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Read This Before You Buy First Defiance Financial Corp. (NASDAQ:FDEF) Because Of Its P/E Ratio

Simply Wall St

This article is for investors who would like to improve their understanding of price to earnings ratios (P/E ratios). To keep it practical, we'll show how First Defiance Financial Corp.'s (NASDAQ:FDEF) P/E ratio could help you assess the value on offer. First Defiance Financial has a price to earnings ratio of 12.18, based on the last twelve months. That means that at current prices, buyers pay $12.18 for every $1 in trailing yearly profits.

Check out our latest analysis for First Defiance Financial

How Do I Calculate A Price To Earnings Ratio?

The formula for P/E is:

Price to Earnings Ratio = Share Price ÷ Earnings per Share (EPS)

Or for First Defiance Financial:

P/E of 12.18 = $28.5 ÷ $2.34 (Based on the trailing twelve months to June 2019.)

Is A High Price-to-Earnings Ratio Good?

A higher P/E ratio means that buyers have to pay a higher price for each $1 the company has earned over the last year. That isn't a good or a bad thing on its own, but a high P/E means that buyers have a higher opinion of the business's prospects, relative to stocks with a lower P/E.

Does First Defiance Financial Have A Relatively High Or Low P/E For Its Industry?

The P/E ratio essentially measures market expectations of a company. If you look at the image below, you can see First Defiance Financial has a lower P/E than the average (14.4) in the mortgage industry classification.

NasdaqGS:FDEF Price Estimation Relative to Market, July 29th 2019

Its relatively low P/E ratio indicates that First Defiance Financial shareholders think it will struggle to do as well as other companies in its industry classification. Since the market seems unimpressed with First Defiance Financial, it's quite possible it could surprise on the upside. If you consider the stock interesting, further research is recommended. For example, I often monitor director buying and selling.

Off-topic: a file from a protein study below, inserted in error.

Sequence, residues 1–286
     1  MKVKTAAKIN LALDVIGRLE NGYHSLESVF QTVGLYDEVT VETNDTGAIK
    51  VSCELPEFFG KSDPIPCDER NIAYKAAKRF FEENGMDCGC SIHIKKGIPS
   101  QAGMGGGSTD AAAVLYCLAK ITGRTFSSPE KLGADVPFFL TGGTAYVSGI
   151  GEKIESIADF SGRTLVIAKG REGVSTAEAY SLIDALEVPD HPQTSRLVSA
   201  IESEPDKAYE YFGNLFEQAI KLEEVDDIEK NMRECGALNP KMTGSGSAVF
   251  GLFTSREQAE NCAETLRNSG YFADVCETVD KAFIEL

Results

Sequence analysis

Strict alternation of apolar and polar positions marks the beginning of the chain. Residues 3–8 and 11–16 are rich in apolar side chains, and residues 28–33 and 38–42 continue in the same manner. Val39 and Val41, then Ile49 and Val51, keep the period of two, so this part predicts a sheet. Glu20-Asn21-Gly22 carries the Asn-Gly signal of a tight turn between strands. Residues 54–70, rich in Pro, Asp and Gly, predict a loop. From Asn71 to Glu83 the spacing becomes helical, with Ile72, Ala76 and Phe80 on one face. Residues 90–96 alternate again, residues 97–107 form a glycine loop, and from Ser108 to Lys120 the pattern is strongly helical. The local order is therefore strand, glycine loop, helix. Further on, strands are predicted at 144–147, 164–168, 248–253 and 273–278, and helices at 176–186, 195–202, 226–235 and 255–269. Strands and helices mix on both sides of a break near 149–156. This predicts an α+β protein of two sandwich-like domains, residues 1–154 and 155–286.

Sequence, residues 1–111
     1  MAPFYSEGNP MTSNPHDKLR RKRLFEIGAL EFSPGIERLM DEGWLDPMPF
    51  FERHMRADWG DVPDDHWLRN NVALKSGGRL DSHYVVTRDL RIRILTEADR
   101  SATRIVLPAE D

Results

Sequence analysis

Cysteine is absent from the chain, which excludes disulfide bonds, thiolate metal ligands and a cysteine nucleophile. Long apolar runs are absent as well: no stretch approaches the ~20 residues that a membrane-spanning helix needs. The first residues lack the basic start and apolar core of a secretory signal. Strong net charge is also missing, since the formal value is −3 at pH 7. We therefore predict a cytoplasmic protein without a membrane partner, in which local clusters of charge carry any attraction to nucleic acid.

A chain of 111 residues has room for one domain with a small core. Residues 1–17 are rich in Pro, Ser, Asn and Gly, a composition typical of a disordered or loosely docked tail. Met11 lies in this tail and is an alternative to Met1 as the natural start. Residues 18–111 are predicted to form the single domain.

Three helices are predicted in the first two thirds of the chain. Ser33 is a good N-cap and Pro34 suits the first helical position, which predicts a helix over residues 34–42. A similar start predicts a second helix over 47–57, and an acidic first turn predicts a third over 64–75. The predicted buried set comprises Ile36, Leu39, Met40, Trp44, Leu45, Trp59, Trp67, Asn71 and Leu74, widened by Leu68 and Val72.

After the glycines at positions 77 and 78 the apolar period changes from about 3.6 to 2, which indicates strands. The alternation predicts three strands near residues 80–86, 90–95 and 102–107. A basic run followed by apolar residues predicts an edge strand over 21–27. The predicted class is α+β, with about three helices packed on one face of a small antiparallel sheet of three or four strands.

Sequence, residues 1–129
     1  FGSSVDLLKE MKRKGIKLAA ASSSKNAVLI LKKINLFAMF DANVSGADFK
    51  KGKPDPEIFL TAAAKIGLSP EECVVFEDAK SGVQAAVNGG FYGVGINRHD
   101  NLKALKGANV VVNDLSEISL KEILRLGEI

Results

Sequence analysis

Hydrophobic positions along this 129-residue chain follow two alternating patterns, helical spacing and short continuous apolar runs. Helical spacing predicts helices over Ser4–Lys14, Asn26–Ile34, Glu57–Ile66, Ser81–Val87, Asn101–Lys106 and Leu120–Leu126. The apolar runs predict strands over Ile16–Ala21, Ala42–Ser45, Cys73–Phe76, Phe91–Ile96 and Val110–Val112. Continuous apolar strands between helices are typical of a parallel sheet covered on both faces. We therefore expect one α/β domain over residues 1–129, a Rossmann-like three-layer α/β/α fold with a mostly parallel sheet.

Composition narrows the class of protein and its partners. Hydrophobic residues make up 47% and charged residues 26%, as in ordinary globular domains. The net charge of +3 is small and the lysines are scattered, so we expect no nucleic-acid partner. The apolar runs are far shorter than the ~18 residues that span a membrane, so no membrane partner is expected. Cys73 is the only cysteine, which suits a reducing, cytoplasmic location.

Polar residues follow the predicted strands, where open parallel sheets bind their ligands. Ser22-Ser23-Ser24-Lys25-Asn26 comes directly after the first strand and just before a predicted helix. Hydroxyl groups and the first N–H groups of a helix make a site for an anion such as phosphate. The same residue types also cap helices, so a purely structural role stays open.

How Growth Rates Impact P/E Ratios

Probably the most important factor in determining what P/E a company trades on is the earnings growth. Earnings growth means that in the future the 'E' will be higher. That means even if the current P/E is high, it will reduce over time if the share price stays flat. Then, a lower P/E should attract more buyers, pushing the share price up.

Most would be impressed by First Defiance Financial earnings growth of 14% in the last year. And earnings per share have improved by 16% annually, over the last five years. With that performance, you might expect an above average P/E ratio.

A Limitation: P/E Ratios Ignore Debt and Cash In The Bank

It's important to note that the P/E ratio considers the market capitalization, not the enterprise value. In other words, it does not consider any debt or cash that the company may have on the balance sheet. Theoretically, a business can improve its earnings (and produce a lower P/E in the future) by investing in growth. That means taking on debt (or spending its cash).

While growth expenditure doesn't always pay off, the point is that it is a good option to have; but one that the P/E ratio ignores.

So What Does First Defiance Financial's Balance Sheet Tell Us?

First Defiance Financial's net debt is 9.2% of its market cap. The market might award it a higher P/E ratio if it had net cash, but its unlikely this low level of net borrowing is having a big impact on the P/E multiple.

The Bottom Line On First Defiance Financial's P/E Ratio

First Defiance Financial has a P/E of 12.2. That's below the average in the US market, which is 18. The EPS growth last year was strong, and debt levels are quite reasonable. The low P/E ratio suggests current market expectations are muted, implying these levels of growth will not continue.

Investors should be looking to buy stocks that the market is wrong about. As value investor Benjamin Graham famously said, 'In the short run, the market is a voting machine but in the long run, it is a weighing machine.' So this free report on the analyst consensus forecasts could help you make a master move on this stock.

Of course, you might find a fantastic investment by looking at a few good candidates. So take a peek at this free list of companies with modest (or no) debt, trading on a P/E below 20.

We aim to bring you long-term focused research analysis driven by fundamental data. Note that our analysis may not factor in the latest price-sensitive company announcements or qualitative material.

If you spot an error that warrants correction, please contact the editor at editorial-team@simplywallst.com. This article by Simply Wall St is general in nature. It does not constitute a recommendation to buy or sell any stock, and does not take account of your objectives, or your financial situation. Simply Wall St has no position in the stocks mentioned. Thank you for reading.